Just pick the bike up and spin the wheels. They should spin freely without any resistance. I suspect that the bearings are too tight and the wheels won’t spin. This is a fairly common problem on machine built wheels on many bikes. I think they tighten the bearings so that the hub doesn’t spin as freely in the lacing/tensioning machine and then no one checks the bearings. I’ve seen this problem since at least 2005. We discovered the problem 350 miles of travel between Missoula, MT and Umatilla, OR. Things went better after we adjusted the bearings.

At the co-op where I volunteer, I see it on a lot of new bikes that haven’t been prepped properly.
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Old 05-04-20, 11:33 AM
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Originally Posted by Phil_gretz View Post
This may be your preference. During my apprenticeship decades ago, an expert taught me that the best pre-load adjustment allows for the smallest side-to-side movement that should be taken up by the tightening pressure of the quick release skewer when closed. Too loose of a hub bearing is said to contribute to hub wear. I've not been able to confirm this. I've handled a few hundred wheel sets.
+1
I use the preload method and it results in a hub that spins nicely without any play I went over our school district's bike safety fleet this winter and did 37 sets of hubs. It was amazing the differrences in the bearings smoothness/reistance before working on them.

Last edited by Doug64; 05-04-20 at 06:21 PM.
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Old 05-08-20, 12:50 PM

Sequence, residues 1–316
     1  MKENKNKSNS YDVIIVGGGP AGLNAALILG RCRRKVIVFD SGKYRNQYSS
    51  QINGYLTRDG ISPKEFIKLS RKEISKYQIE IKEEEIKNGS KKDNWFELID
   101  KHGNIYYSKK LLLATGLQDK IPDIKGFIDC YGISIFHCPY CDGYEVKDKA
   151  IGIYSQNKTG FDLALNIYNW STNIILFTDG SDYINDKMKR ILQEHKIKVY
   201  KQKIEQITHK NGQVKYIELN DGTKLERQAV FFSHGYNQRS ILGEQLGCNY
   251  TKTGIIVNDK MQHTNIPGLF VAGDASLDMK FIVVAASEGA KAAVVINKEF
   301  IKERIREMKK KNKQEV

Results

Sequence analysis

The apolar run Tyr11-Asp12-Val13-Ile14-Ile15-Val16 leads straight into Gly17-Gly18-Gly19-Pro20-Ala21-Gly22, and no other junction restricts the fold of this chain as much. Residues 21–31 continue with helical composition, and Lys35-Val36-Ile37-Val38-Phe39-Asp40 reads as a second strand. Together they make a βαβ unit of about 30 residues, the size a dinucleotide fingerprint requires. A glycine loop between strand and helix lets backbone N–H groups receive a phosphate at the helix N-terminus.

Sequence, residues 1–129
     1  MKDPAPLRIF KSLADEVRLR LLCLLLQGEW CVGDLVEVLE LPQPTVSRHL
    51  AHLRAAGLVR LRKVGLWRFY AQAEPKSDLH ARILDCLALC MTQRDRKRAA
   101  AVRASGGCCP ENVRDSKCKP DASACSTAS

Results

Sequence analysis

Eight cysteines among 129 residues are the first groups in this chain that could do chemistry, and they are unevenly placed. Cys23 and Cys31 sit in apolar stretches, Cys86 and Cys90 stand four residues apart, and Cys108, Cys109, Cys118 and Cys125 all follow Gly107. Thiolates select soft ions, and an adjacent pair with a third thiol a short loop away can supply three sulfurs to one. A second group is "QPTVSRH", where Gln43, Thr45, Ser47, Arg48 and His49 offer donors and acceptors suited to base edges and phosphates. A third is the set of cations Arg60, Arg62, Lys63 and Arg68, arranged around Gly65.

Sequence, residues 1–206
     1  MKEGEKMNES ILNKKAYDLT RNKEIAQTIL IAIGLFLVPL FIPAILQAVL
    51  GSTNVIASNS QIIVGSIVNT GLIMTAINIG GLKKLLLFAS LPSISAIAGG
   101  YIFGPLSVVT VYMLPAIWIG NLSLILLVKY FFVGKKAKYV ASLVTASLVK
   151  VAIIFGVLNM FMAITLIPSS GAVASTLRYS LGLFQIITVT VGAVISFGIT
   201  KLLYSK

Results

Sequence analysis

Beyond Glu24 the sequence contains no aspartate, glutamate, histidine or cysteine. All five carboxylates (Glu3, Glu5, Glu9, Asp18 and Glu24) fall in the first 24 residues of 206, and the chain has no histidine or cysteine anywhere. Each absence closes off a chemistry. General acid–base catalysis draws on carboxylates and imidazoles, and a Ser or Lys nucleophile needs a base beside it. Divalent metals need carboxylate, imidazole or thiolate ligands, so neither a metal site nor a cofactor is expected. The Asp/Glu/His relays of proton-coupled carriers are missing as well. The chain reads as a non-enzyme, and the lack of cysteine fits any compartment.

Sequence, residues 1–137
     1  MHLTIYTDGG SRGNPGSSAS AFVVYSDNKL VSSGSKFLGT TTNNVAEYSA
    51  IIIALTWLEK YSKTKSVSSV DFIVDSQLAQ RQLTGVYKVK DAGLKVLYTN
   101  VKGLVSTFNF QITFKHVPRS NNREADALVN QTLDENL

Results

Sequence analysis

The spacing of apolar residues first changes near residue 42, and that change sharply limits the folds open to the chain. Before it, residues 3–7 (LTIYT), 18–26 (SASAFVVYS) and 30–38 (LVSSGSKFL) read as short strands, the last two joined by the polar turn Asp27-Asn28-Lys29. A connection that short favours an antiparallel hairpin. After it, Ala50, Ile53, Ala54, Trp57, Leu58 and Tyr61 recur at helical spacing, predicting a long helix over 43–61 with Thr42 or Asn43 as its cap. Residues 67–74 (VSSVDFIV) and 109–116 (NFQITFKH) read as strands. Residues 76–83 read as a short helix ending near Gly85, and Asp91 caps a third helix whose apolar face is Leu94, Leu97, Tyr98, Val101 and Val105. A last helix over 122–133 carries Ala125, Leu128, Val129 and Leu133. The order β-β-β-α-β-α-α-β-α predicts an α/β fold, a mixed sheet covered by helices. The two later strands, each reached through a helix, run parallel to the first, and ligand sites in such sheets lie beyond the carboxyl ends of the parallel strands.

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Phil_gretz Very well written explanation here! Super informative.
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Old 05-09-20, 07:34 PM
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Consider posture too. A less aggressive posture puts the legs in a less efficient position.
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Old 05-09-20, 07:51 PM
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Unless something is really weird with the bearings, small differences in seals or bearing should not be noticeable to a novice without power meter. Spinning the wheels or cranks will reveal that.

I guess geometry is different or the gearing is different. Not sure if the OP rode with he same gearing (i.e wife's bike has higher gearing).
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Old 05-10-20, 12:14 PM
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LOL, side story:

my wife also complains her bikes (all 3 I’ve gotten her now) pedal “harder”. I’ve checked them out and of course they are fine.

i tell her, the problem is the engine
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Old 05-10-20, 12:41 PM
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When I got a new bike a few years ago, it felt harder to pedal than my road bikes. It turned out that the preload on the the crankset was too high and it was hard to turn the cranks. Take the chain off the cranks and see they spin freely.